Comet FIVE times the size of Jupiter is set to light up the night skies in April – and it could be brighter than Venus
- The comet was discovered on December 28, 2019 in the area of Ursa Major
- Its currently in Mars’ orbit but is on its way towards the Sun and getting brighter
- It was spotted by the Asteroid Terrestrial-impact Last Alert System (ATLAS)
- If it doesn’t break up it will reach its closest point to the Sun by the end of May
Atlas, a massive comet five times the size of Jupiter and about half the size of the Sun, will appear brighter than Venus from Earth by the end of April.
The exact size of the rocky icy core of the strange comet isn’t known but is likely only a few miles across – but it has a much larger atmosphere.
It’s currently close to Mars’ orbit but is increasing in speed as it makes its way towards the Sun and will make its closest approach to Earth in April.
When it gets towards the inner solar system it will become one of the brightest objects in the night sky and potentially the ‘comet of a generation’.
This stunning image of comet C/2019 Y4 ATLAS was taken by Michael Jäger on March 18, 2020 and shows its bright green hue. The exact size of the rocky icy core of the strange comet isn’t known but is likely only a few miles across – but it has a much larger atmosphere
Since it was first discovered in December the gaseous envelope surrounding the comet has ballooned in diameter to a staggering 447,387 miles.
In contrast the Sun has a diameter of 865,370 miles, Jupiter’s diameter is 86,881 miles and the Earth is just 7,917 miles.
It poses no danger to Earth as even at its closest point it will be more than 72 million miles away from our planet but will be very bright.
Atlas has a tail about the same size as its atmosphere, according to Michael Jager from Austria – who captured images of the object.
According to a report by SpaceWeatherArchive it isn’t unusual for a comet to grow so large as they ‘spew prodigious amounts of gas and dust into space’.
‘Comet 17P/Holmes partially exploded and, for a while, had an atmosphere even larger than the sun,’ according to the astronomy website.
The green Atlas comet can be seen in the top left of this image captured from a remotely operated observatory in New Mexico on March 18. At lower right are M81 and M82, well-known as large, gravitationally interacting galaxies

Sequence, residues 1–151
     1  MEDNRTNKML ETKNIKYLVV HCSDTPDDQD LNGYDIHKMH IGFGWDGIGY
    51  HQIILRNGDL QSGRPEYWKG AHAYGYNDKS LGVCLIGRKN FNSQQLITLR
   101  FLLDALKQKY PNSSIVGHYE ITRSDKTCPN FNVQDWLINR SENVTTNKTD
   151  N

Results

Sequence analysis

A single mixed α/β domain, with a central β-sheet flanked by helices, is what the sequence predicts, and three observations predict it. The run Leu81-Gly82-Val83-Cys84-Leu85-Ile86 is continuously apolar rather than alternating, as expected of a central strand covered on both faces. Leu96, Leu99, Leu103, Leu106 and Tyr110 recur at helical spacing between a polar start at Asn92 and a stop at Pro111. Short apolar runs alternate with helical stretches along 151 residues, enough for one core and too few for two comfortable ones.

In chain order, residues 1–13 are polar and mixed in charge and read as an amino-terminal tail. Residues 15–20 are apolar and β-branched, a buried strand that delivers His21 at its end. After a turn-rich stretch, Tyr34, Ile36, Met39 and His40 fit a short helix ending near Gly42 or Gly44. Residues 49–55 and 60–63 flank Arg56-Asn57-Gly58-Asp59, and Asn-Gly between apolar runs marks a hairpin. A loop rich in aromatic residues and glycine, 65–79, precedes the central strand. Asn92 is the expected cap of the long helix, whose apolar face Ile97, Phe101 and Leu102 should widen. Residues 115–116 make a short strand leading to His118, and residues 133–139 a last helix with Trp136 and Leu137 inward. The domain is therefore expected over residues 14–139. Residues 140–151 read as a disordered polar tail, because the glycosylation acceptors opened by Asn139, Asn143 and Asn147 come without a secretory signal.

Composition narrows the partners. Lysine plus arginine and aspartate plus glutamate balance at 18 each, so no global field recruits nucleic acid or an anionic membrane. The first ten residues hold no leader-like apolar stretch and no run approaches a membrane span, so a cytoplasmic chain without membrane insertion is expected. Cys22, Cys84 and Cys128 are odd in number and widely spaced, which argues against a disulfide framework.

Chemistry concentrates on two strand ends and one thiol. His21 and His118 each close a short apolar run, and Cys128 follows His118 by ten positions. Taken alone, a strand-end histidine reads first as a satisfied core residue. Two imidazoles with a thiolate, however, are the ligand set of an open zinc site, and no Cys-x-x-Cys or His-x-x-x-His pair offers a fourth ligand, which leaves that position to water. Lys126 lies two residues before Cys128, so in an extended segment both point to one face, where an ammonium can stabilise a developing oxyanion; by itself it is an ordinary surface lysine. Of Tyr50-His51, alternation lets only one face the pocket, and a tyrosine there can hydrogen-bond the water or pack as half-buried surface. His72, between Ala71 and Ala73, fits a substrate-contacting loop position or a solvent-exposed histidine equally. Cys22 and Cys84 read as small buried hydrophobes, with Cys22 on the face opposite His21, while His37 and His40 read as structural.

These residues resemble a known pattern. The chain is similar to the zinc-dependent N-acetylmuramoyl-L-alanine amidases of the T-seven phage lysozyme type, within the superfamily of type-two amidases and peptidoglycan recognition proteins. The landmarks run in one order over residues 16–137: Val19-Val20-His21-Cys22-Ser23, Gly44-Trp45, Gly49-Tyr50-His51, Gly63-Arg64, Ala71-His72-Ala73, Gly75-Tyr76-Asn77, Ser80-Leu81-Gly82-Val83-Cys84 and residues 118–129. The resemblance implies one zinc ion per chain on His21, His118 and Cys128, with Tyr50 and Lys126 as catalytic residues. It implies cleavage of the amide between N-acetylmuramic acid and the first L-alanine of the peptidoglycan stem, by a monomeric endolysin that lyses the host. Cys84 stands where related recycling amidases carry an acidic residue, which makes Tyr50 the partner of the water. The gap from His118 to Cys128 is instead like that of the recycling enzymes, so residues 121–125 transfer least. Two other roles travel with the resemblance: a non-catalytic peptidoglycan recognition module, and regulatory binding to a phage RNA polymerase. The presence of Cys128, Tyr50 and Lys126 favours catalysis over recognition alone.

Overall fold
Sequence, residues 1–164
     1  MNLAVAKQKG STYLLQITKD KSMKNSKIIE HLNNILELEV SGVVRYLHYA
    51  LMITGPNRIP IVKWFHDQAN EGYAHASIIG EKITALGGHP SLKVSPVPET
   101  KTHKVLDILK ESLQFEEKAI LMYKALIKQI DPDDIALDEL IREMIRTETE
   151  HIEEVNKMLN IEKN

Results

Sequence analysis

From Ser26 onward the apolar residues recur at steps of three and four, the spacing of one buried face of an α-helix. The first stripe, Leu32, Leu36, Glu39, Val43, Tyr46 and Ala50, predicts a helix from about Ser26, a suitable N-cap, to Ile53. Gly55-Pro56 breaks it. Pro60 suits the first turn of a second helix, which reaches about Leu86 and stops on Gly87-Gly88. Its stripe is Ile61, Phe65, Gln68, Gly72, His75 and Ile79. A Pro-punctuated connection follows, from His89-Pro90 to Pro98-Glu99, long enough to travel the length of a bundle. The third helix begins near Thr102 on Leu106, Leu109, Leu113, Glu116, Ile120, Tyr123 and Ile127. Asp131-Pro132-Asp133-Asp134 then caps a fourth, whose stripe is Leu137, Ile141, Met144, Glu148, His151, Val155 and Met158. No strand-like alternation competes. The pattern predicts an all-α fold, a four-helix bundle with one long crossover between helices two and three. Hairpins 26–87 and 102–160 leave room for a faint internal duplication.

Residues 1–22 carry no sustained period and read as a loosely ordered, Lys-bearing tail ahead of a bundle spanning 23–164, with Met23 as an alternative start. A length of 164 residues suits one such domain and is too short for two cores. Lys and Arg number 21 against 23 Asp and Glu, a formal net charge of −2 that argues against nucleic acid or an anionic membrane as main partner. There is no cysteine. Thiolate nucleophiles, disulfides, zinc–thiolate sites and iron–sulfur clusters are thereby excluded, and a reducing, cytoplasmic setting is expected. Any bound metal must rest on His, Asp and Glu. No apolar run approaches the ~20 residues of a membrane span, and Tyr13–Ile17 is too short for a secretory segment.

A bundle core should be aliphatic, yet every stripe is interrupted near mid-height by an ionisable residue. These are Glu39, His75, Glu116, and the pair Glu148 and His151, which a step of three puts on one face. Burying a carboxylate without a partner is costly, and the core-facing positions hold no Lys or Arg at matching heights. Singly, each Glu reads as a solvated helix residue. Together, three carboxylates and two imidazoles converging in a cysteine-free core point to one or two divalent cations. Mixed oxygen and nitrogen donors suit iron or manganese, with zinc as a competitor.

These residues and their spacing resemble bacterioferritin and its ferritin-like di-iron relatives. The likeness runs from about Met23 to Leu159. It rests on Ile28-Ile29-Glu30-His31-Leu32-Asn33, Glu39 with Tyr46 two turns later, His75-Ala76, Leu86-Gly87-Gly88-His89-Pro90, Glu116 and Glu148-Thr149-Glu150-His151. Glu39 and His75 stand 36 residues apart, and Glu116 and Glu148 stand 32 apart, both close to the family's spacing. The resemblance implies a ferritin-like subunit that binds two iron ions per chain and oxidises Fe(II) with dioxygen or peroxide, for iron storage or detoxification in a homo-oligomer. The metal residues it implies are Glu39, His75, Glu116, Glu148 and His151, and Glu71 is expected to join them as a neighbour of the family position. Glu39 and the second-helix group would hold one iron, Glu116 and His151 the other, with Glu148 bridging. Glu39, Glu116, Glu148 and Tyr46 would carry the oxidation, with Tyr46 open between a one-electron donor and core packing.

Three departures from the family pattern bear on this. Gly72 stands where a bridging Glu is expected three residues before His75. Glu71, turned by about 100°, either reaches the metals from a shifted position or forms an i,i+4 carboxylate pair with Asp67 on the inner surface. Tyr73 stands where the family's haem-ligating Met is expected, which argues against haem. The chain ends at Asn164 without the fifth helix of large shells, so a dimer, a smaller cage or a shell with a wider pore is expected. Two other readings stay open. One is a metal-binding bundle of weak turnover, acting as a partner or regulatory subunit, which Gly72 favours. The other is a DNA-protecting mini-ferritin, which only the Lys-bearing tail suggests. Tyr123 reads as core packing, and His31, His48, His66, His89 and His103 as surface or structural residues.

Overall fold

‘The Great Comet of 1811 also had a sun-sized coma. Whether Comet ATLAS will eventually rival those behemoths of the past remains to be seen.’
It was discovered by the Asteroid Terrestrial-impact Last Alert system (ATLAS) in Hawaii and takes its name from the initials of the system.
The last bright comet visible without a telescope in the northern hemisphere was Hale-Bopp in 1997 – making this a ‘rare event’ for astronomers.
When it was discovered on December 28, 2019 it was faint and required a telescope, but as it comes closer it is getting brighter and can now be seen with binoculars.
Its glow will be amplified by the Sun the closer it gets and is already brighter than astronomers expected it to be at this point.
‘It’s definitely a promising comet,’ Daniel Brown, an astronomy expert at Nottingham Trent University, told The Times.
‘It’s pushing towards a level that by the end of April could look really, really stunning.’
Atlas is currently the largest ‘green object’ in the Solar System and its colour comes from diatomic carbon – a molecule commonly found in comets.
It emits a beautiful green glow when in gas form in the near-vacuum of space.
It has seen a 4,000-fold increase in brightness since it was first discovered and could be visible to the naked eye by the end of April.
When it was originally spotted, the comet was in Ursa Major and appeared 398,000 times dimmer than stars that visible to the naked eye from Earth.
It’s currently shining like an 8th magnitude star – that is invisible to the naked eye but easily spotted by garden telescopes.
It is getting brighter rapidly as it approaches the Sun, astronomers say.
‘Right now the comet is releasing huge amounts of its frozen volatiles (gases),’ says Karl Battams of the Naval Research Lab in Washington DC.
‘That’s why it’s brightening so fast,’ he added.
“As they get closer to the sun they gas off this material and we get this amazing display, Brown told the Times.
‘It’s already at a level of brightness that you can see through binoculars — this beautiful greenish halo around it and a bit of development of the tail.’
To survive long enough for it to be visible as a bright light in the sky it would need to be able to hold on to its ice.
To do this it would have to have a large nucleus with a store of frozen gas – something astronomers can’t confirm at the moment.
If it doesn’t have a large nucleus it will likely ‘run out of gas’ leading to it crumbling and fading as it approaches the Sun, according to SpaceWeatherArchive.
Comet Hale bopp in the night sky was the large, bright comet visible to the naked eye in the northern hemisphere
Battams is not optimistic it will survive, he said it will likely break up before it reaches the brightest point from Earth.
‘My personal intuition is that Comet ATLAS is over-achieving, and I wouldn’t be surprised to see it start to fade rapidly and possibly even disintegrate before reaching the sun,’ he says.
There is some speculation this could be related to the Great Comet of 1844 as it follows a similar trajectory and orbit.
Its trajectory would require a 6,000 year orbit around the Sun that would take it beyond the outer edges of the solar system – about 57 billion miles from the Sun.
Astronomers predict Atlas and the Great Comet both broke off from a much larger comet born in the early days of the solar system.
If it does last until it gets near the Sun it may be a one time shot as it could be expelled from the solar system completely after slingshotting around the Sun.
In the meantime, when it gets dark it will be visible halfway up in the north-northwest sky and potentially visible with the naked eye from April.